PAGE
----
Zen Leader Blog

Leadership Advice: What to do when you're out of ideas

Posted by Diane Chencharick

May 27, 2013 7:53:00 AM

ideasNobody really runs out of ideas, but sometimes it sure feels that way. Especially those times when you desperately want something miraculous to happen… a big increase in sales, a new client to boost your business, a big idea that suddenly changes everything. Nobody wants to feel like they're tapped out. Here are some thought starters I've used over the years to help stimulate the creative process.

Read something
Pick up a book, a magazine or some other reading related to your issue. Nothing stimulates your thinking like seeing what has worked and not worked for others. When I was an art director in advertising, I began every major project by flipping through a few issues of Communication Arts. Just seeing brilliant work done by others gets the brain excited about the possibilities of the project at hand. It not only puts you in a mode that says "I want to do stuff like THAT!" but it gives your mind creative bits and pieces to begin to play with. I might see a special way that the type was handled, or a photo combined with a chunk of color that could give me a starting point for something I'd never tried before. Ideas spawn other ideas. Let the work of others ignite that spark of inspiration in you.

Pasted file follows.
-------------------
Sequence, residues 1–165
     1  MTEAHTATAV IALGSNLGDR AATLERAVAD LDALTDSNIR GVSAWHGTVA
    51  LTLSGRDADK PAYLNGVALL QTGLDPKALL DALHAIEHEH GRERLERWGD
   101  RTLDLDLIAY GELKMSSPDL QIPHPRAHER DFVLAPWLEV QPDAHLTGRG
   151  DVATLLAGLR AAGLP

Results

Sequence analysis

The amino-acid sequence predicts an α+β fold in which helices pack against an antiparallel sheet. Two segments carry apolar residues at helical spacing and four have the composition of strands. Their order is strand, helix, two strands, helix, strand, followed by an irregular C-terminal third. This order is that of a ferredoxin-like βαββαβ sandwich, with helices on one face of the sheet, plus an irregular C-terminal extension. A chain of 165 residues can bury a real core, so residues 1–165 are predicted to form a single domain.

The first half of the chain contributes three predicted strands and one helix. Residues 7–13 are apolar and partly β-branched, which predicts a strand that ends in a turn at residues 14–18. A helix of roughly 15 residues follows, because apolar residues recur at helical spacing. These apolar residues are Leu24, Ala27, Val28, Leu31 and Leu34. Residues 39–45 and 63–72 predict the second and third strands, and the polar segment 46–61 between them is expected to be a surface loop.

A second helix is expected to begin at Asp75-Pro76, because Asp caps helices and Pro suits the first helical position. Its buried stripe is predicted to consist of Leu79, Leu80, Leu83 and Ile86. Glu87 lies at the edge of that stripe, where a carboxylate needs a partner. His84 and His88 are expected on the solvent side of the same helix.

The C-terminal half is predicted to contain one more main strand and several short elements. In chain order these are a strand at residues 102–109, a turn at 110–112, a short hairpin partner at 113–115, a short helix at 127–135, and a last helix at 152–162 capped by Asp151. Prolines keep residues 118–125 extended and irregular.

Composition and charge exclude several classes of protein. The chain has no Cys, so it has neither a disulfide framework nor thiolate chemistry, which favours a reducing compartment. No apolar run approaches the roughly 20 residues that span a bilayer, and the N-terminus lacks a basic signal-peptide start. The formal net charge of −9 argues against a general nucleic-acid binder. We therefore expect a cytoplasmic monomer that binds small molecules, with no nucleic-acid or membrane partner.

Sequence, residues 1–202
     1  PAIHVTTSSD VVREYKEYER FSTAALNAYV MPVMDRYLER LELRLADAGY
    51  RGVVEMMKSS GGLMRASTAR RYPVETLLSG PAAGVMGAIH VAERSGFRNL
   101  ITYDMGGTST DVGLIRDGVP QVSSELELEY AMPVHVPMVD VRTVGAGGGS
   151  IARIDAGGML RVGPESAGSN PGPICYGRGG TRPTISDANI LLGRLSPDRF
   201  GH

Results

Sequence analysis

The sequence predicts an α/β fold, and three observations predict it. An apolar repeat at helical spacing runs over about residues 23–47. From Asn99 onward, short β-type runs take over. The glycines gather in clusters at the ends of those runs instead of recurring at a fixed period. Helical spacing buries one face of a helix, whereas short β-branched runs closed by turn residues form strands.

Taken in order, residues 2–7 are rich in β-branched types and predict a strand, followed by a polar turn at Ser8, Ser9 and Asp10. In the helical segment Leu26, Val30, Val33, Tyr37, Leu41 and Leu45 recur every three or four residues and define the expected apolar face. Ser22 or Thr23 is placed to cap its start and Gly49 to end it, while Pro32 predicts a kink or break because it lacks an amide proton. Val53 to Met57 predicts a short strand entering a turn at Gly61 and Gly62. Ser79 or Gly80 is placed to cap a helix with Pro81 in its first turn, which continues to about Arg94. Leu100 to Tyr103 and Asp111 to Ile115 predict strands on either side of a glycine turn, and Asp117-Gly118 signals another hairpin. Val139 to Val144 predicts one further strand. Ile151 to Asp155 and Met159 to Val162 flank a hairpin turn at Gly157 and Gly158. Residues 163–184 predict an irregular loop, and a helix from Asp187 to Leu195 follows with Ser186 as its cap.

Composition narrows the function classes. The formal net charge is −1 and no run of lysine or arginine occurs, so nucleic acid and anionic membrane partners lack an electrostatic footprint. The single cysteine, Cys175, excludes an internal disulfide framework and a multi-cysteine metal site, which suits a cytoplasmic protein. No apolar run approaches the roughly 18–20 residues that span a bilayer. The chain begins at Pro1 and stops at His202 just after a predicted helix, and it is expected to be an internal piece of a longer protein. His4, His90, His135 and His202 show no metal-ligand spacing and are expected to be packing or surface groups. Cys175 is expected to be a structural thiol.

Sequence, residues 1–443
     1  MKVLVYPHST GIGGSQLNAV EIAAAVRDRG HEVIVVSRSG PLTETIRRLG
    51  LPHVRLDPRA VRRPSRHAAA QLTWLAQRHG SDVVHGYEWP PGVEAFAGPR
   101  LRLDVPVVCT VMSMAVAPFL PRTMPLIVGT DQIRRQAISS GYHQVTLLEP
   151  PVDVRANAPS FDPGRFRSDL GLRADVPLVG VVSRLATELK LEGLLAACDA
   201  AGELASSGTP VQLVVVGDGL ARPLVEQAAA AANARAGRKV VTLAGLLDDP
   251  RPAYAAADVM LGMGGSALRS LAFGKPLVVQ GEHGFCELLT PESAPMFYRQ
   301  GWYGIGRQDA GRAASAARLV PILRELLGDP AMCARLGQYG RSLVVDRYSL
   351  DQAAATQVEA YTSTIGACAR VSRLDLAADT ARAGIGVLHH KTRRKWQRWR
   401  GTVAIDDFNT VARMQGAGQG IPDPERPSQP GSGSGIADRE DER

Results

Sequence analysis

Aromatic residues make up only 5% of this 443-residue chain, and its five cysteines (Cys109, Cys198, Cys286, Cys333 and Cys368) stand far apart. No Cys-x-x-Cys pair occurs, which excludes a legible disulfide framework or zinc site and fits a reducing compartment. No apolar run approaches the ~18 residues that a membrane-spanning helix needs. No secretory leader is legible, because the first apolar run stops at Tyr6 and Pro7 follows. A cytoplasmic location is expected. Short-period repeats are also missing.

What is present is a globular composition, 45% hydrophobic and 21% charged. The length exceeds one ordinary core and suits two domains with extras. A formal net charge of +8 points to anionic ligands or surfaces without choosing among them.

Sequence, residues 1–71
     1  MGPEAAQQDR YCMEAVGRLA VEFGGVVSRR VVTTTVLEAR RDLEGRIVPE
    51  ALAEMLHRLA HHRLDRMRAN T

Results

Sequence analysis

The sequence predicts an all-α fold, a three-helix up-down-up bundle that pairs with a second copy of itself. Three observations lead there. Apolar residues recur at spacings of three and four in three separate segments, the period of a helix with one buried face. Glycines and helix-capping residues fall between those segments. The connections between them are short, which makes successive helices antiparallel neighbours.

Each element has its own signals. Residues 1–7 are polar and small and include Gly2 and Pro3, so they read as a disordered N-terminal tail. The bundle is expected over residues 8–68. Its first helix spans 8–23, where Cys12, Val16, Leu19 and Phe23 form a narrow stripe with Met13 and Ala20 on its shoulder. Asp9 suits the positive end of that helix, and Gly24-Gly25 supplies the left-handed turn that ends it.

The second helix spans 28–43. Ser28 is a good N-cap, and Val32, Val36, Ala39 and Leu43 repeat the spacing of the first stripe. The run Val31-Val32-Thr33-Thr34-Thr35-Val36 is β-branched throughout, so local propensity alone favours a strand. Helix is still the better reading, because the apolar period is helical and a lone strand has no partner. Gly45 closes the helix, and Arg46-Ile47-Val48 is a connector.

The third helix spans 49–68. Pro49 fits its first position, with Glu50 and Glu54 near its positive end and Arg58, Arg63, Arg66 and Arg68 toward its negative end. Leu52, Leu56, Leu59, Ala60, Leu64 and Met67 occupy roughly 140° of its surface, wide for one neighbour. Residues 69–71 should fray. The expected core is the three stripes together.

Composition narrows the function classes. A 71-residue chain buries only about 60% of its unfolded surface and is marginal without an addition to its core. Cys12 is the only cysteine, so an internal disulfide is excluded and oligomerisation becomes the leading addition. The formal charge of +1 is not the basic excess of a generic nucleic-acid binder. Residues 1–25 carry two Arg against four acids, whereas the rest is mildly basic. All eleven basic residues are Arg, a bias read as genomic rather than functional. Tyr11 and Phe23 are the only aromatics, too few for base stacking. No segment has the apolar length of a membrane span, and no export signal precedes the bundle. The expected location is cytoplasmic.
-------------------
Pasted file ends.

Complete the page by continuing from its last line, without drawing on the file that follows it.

Involve someone